- Upon hearing the bag option, the person wants to change their ranged estimate. (Happened to me once)
- The person doesn’t care which method.. (never happened to me)
So which is the right answer to this question?
(drumroll) Lets tackle the possible answer in order of likelihood.
“Take the marble! take the maaaaaarble!”
For the 70 odd percent of you who opted to take your chances with the bag of marbles, GONG! you lose!
Better double check your estimates in future because you have demonstrated that you are over-confident in your estimates. In other words, you are suffering from optimism bias. To explain why, think about the original question carefully. I asked originally for a ranged estimate that you were 90% confident with.
I then presented an alternative that has a 9 out of 10 chance of success – also 90%. From a statistical point of view, you should be completely ambivalent as to which option to use. Therefore, despite being asked for a range that you were 90% confident with, the range you actually estimated is not really 90% at all. It has to be less than 90% for you to prefer a clear 9/10 probability.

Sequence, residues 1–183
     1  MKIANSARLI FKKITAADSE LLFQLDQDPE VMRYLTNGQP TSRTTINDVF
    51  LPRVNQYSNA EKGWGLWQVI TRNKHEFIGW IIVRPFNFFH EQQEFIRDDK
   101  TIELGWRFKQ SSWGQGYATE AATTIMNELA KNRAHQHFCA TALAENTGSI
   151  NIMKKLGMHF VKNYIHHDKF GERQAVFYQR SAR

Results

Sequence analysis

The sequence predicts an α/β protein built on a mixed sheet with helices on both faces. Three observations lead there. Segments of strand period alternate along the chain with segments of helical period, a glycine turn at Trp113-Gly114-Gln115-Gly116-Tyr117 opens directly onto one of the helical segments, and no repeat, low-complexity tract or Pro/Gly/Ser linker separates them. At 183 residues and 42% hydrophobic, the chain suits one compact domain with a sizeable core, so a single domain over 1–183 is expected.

So that is why you are so stressed and busy! You keep giving crap estimates that make life harder for you! Either that or you are too nice and when your project manager looks at you with those big, sad project manager eyes, your heart melts and you relent.
Isn’t that cool in a nerdy way? It is very interesting to see people’s faces as the penny drops to this logic and they suddenly realise just how bad some of their past estimates have been as a result. The consolation prize is just about 4 out of 5 people do exactly the same as you and take the marbles.
“No deal, I will stick with my estimate”
For the smaller group who decide that their estimate is preferred, you also lose.
In this case, the reason why should be pretty obvious. You are so paranoid about getting it wrong, that you have made an estimate that is more like 95% or even 99% confident. Why? your range is too wide for 90% because when presented with a clear 9/10 chance of success, you chose your original estimate. While that may sound like you are confident, in reality you are a bit of a wuss, because in fact you are under confident with your estimate. So grow some balls you weenie